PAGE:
“Hello there! Came across your work in curatorial googling. We have a couple of call-to-artist exhibits that your work may be a fit for.”
That’s an email San Diego artists Bob Jones recently got in his inbox. The exhibitions required $20 entry fees each. Jones said he gets email offers like that all the time. He said that almost every show that comes with a price tag attached is a scam.
His take is shared by many other local artists who weighed in on the ongoing pay-to-play debate after I posted a question about it on Facebook last week.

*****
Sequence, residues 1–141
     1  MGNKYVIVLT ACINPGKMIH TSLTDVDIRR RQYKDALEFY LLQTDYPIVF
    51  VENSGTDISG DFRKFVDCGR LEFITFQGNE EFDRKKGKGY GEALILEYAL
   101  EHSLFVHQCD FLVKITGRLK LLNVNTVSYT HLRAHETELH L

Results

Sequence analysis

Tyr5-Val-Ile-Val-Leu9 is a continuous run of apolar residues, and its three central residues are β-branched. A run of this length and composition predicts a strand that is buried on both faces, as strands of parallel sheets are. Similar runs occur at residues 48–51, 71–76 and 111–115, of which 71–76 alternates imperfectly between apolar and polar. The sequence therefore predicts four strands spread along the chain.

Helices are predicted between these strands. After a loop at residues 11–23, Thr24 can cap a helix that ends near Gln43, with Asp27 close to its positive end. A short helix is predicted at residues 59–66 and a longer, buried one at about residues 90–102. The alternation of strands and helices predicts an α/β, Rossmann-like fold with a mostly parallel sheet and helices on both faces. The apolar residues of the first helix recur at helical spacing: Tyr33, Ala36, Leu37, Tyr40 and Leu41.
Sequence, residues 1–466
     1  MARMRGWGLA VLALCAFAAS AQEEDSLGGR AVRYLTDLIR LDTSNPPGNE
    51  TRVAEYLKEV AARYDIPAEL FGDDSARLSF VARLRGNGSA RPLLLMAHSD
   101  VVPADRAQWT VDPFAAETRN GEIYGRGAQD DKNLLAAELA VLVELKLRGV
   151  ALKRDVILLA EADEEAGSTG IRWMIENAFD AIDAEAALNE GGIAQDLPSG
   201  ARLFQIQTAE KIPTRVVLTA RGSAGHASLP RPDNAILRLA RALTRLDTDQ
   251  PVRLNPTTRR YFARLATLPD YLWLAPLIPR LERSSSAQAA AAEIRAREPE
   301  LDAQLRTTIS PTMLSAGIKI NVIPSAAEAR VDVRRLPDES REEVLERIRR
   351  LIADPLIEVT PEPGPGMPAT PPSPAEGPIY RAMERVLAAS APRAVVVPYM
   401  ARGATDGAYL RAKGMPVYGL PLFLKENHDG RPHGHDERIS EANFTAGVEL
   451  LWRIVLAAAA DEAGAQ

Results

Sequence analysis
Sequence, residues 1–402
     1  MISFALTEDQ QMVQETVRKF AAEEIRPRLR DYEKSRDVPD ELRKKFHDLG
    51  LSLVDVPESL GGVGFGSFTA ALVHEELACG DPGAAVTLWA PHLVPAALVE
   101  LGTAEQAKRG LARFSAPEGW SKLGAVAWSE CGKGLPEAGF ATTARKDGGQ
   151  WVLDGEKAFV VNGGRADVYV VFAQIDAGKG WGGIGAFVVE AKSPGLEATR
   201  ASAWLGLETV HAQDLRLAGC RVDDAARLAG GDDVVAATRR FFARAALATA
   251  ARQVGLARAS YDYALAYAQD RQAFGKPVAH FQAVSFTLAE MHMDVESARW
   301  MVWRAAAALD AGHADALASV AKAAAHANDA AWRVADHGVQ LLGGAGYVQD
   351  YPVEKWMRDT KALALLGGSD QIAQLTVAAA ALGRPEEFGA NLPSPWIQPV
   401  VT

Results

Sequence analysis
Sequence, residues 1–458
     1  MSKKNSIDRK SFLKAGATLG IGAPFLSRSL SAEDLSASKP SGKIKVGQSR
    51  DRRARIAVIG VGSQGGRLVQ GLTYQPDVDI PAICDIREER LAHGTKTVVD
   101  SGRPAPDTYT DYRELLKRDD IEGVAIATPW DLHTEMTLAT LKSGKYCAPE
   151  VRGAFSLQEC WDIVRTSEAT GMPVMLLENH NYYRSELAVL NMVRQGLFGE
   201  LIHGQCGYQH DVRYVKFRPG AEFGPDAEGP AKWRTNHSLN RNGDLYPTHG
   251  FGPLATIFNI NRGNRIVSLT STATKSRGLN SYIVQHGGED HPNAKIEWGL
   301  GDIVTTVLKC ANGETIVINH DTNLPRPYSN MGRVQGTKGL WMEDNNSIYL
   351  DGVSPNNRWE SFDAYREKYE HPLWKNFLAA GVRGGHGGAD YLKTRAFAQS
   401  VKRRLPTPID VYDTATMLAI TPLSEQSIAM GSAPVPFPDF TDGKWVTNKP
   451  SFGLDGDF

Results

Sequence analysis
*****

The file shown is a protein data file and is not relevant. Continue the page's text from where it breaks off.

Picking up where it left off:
“The whole pay-to-play scheme is just that, a scheme to get participation fees, jury fees, submission fees, entry fees, whatever up front money they can squeeeeeze the artist for under the guise of ‘well-known curators,'” wrote artist Justin Allen.
But not all pay-to-play exhibitions are created equal, argues artist and art collector John Purlia. He said the fees are often used to pay for marketing, space and other costs associated with putting on art shows.
“Paying a submission fee for juried exhibitions is fine as long as the fee goes to furthering the cause of the gallery or event,” he wrote. “It’s a good way to limit the number of entries (often, quite high anyway) and provide funding for the exhibition.”